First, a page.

The second level of certification offered by the CSCCa is the Master Strength & Conditioning Coach (MSCC), which is undoubtedly the highest honor that can be achieved as a strength & conditioning coach. It represents professionalism, knowledge, experience, expertise, as well as longevity in the field.
Once an individual has been a full-time, collegiate and/or professional strength & conditioning coach for a minimum of 12 years, he/she is eligible to become a Master Strength & Conditioning Coach (MSCC).
In addition, individuals must first meet the following criteria:
Active CSCCa member Be an active member of the Collegiate Strength & Conditioning Coaches association (CSCCa).
12-Year Valid Employment History Twelve years of valid employment history as a full-time strength and conditioning coach on the collegiate and/or professional-level* must be logged with
your account credentials. The employer contact authorization form must be
submitted to the national office to allow validation of work history.
*Note: Years in which an individual may have served in a dual role capacity as a part-time strength & conditioning coach while simultaneously serving in another capacity (e.g. sport coach, athletic trainer, physical therapist, personal trainer, teacher/researcher, etc.), will not be counted towards the 12 year requirement, nor will years in which an individual served as an intern, resident, graduate assistant, practicum student, or private trainer etc.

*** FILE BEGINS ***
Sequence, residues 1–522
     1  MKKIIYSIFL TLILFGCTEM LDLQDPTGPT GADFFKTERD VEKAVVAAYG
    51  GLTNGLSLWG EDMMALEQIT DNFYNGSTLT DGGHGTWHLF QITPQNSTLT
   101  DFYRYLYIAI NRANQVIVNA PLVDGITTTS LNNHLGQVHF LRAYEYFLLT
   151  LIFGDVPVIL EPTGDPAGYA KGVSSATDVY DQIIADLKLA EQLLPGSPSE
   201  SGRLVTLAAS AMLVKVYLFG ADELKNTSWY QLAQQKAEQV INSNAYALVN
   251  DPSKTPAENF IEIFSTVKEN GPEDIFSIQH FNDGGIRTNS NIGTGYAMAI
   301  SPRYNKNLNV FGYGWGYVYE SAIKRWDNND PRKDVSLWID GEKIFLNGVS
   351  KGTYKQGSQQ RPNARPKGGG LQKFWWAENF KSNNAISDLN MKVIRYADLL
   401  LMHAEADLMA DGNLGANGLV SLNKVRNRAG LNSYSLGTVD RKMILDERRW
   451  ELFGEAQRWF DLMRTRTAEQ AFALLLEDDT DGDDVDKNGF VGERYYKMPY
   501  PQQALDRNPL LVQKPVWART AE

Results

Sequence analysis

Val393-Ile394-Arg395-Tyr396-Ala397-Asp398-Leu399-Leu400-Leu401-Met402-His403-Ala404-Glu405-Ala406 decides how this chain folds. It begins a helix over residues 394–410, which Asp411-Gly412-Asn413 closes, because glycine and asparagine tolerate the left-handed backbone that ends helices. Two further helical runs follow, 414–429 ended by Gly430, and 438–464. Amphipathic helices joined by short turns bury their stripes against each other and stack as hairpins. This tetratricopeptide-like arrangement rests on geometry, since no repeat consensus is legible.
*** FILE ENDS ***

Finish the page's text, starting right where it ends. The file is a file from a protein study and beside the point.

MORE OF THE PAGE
Application fee. Payment of a one-time MSCC application fee of $160.00.
Conference, dinner, and ceremony attendance Finally, all MSCC candidates must be in attendance at the
National Conference and MSCC Dinner and Ceremony to receive this award.
Browse our MSCC Directory to see members of each year's class of certified Master Coaches.
TO APPLY: Please print and email or mail in a hard copy of the MSCC Application. The CSCCa National Office must receive all MSCC Applications no later than December 1st. Applications received after this date will be considered for MSCC induction the following year.
Those individuals achieving the title of Master Strength & Conditioning Coach (MSCC) will be notified and subsequently recognized at the association's National Conference. They will also be listed on the association's website after induction.
One of the association's goals is to encourage athletic administrators to treat the attainment of the title of Master Strength & Conditioning Coach (MSCC) as the equivalent of an advancement in rank, with comparable increases in status and salary.